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So if it won't stay lit...

Help Support Brothers of Briar:

JJPHOTO

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That means that it's packed too tight and/or needs to be dried out. Is this correct?

I have to constantly relight with all different tobacco/pipe combos so I assume that it's my packing technique. Just trying to get my troubleshooting down.
 

JJPHOTO

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I think I just stumbled upon something as I was sitting here packing my pipe. I've been using this little butane "pipe" lighter that has the tools and everything on it. I got to looking and the flame is pretty weak on it. Grabbed some wood matches and man what a difference.

I think that along with my lack of packing skills has been disastrous.
 

Aaron

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With time everything will work itself out. You'll find what works and what wont and the such I had the same problems keeping my tobacco lit. I just found it gets easier as you become more acquainted withe the tobacco and your pipes. Good luck man!

Aaron.
 

Justpipes

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I like my tobacco fairly dry for that reason, but not too dry. Better to err on the side of loose when packing. You can always tamp.
 

wharfrathoss

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another variable that could be the culprit is how often & how you puff. tamping (or lack of it) also has a bit to do w/it. when i had more of a problem w/keeping it lit than i do now, i eliminated the easiest 1st. i dry my tobac enough so that when i pinch it together it doesn't stick then spring apart. it's not dry enough to crumble though either.

for filling my pipe, i use a 2 step method (kinda like the 3 step method). i fill to the top then apply just enough pressure w/my finger that the tobac stays in the pipe if i turn it upsidedown, then repeat.

how you puff sorta works itself out. you want to keep the tobac going but not overheat the pipe. i've learned to do this by trial & error.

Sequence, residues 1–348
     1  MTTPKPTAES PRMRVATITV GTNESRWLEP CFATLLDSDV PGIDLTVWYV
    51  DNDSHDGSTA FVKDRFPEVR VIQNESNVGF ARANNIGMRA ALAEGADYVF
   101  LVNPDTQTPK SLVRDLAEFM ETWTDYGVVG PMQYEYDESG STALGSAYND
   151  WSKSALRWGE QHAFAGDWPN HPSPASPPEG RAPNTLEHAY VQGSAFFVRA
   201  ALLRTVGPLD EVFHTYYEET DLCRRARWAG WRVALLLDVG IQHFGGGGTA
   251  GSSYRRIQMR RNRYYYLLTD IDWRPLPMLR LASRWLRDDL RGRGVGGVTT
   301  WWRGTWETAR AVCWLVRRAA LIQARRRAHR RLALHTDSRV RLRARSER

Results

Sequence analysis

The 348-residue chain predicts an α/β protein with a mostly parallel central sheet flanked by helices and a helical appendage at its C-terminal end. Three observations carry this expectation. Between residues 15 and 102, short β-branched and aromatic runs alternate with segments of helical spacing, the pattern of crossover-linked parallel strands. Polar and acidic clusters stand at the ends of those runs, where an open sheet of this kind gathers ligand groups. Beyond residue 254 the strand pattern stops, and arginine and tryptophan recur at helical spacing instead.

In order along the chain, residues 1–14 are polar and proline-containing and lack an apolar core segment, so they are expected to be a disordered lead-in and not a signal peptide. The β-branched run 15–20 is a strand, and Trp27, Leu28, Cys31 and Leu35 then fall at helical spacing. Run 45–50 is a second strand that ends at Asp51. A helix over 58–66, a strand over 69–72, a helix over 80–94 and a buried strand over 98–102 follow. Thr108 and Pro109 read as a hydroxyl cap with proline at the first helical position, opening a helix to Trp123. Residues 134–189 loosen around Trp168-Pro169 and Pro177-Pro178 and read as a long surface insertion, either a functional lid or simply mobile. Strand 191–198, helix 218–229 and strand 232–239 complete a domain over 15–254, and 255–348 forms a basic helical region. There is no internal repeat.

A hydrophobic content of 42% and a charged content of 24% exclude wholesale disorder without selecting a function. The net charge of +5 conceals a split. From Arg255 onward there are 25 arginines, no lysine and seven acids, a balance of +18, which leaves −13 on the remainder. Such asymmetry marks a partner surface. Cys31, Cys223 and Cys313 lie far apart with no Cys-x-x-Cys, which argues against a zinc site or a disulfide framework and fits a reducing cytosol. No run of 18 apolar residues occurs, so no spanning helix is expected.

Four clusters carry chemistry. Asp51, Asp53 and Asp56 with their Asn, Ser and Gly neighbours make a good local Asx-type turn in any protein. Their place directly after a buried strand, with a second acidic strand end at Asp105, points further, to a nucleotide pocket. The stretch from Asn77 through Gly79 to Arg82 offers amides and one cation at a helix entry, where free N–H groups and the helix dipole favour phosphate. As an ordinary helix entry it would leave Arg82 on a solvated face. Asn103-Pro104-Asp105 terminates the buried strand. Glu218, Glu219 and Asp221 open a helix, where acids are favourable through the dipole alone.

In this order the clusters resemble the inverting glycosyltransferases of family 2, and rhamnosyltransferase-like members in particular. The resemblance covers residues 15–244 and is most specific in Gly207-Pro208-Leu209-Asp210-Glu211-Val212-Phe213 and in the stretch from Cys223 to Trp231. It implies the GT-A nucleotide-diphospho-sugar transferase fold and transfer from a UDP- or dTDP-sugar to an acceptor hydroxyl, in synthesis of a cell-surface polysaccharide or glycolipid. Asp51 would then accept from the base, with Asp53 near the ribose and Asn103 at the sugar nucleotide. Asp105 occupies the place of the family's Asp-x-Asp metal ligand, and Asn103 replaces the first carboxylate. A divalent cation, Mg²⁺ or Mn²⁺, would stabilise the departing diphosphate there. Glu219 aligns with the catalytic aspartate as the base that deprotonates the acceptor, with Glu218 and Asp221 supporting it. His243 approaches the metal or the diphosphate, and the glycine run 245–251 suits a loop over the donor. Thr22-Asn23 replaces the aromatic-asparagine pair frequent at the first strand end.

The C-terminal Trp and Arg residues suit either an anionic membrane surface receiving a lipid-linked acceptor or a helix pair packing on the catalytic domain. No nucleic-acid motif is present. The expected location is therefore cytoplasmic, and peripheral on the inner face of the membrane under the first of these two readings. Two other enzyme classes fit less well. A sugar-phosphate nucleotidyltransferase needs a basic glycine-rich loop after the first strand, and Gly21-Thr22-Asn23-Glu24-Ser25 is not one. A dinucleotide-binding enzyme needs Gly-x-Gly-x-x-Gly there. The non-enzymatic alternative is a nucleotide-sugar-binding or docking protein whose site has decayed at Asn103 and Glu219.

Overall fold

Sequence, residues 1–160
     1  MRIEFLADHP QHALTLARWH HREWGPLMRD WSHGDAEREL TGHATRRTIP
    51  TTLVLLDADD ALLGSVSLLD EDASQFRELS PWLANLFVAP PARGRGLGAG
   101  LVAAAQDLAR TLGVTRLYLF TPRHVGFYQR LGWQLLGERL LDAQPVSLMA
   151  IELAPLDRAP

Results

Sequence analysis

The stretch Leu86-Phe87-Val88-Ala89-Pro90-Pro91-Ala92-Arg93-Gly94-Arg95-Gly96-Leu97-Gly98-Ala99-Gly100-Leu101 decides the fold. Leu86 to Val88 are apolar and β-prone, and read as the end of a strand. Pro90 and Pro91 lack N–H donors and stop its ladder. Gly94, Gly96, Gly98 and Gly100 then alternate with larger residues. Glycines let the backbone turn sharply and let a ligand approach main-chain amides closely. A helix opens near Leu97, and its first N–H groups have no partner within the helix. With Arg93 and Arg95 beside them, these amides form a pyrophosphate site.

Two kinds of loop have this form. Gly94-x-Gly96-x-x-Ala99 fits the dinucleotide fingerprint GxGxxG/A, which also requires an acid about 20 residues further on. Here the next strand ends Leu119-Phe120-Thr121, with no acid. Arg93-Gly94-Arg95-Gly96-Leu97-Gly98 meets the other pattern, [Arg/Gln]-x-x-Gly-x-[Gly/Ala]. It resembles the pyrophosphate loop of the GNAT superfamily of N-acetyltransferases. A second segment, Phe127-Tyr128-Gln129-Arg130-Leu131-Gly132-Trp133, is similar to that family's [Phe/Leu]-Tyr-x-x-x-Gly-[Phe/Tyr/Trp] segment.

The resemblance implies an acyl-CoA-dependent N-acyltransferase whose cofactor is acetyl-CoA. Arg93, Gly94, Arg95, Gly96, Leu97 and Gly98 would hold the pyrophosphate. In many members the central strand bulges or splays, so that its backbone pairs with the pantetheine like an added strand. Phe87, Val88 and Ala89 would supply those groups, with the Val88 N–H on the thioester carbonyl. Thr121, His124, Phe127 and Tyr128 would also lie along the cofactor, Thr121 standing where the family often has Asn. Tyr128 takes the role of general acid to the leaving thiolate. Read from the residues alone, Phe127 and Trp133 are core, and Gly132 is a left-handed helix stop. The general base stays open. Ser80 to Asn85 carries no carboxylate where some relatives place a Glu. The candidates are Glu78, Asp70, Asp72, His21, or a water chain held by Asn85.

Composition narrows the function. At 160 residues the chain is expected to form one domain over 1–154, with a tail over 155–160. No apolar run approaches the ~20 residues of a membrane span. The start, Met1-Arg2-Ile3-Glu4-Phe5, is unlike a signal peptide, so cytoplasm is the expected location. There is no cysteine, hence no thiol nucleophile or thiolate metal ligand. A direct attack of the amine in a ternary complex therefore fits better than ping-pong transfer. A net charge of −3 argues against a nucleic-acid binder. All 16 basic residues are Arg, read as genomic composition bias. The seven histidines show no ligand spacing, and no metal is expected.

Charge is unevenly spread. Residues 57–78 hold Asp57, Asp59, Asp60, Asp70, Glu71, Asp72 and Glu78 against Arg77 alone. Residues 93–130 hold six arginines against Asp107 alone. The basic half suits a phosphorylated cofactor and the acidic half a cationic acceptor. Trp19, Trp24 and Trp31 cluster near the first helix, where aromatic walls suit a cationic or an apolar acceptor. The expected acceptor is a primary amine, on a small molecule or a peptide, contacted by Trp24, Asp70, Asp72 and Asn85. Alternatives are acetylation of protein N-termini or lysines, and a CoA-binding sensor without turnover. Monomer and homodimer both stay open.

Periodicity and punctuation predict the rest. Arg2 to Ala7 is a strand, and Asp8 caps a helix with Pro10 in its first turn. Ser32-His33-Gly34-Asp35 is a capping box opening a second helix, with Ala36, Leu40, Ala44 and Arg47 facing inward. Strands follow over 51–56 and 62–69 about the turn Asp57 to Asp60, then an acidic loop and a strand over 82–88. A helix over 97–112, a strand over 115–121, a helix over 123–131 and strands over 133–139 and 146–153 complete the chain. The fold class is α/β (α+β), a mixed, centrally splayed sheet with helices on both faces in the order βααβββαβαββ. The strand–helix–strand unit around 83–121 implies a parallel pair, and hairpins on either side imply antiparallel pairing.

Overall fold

tamping can help a lot. matter of fact, the more aware i am of when to tamp, the less lights i need. i tamp when the ash starts to look fluffy. i just set the tamper on the ash & let it's weight push the ash down. i usually give the tamper a slight twist while doing this.

hope this helps.
 

adauria

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Great answers above. There are a lot of factors, including over tight packing, too wet tobacco, poor puffing, lack of (or excessive) tamping, etc. Practice will make perfect, or close to it, but keep in mind that relights are part of the game. I've come to accept that. You definitely want to minimize them (especially if you smoke while driving, like I often do), but it seems that a relight-free pipe smoking experience is exceedingly rare or maybe non-existent... at least for me.

-Andrew
 

alfredo_buscatti

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I just push my little finger into the bowl after adding a tobacco layer to firm that layer up a bit until I've reached the top.

I seem only to tamp at the top of the bowl, although I've tried this deeper into the bowl to no effect.

I have a lot of relights.

The good news about my smoking technique is that I'm smoking slower, and my mouth is a good deal less sore than previously.
 
A

Anonymous

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There are tobaccos that just don't want to stay lit. Such as Dark Star, for one example (going by the number of reviews of it @ TR that complain about this).

Also, English-style ribbons differ from flakes, etc. in this respect.

As long as you like what you're smoking, re-lights are no big deal. And, IMHO, are much preferable to losing flavor by drying your tobacco out just to avoid re-lighting it.

I smoke mostly flakes and do a lot of re-lighting.

:face:
 

Carlos

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As mentioned before. Always err on the side of loose. That helps to tame known bitey blends.

A lot of folks have a terrible time with MacBaren tobaccos. I suspect, but don't know for sure, that their method of taking Virgina's and making a flavorful cavendish produces a potential rabid cat in a can. But packed loose, and sipped at carefully, they can be rewarding.
 
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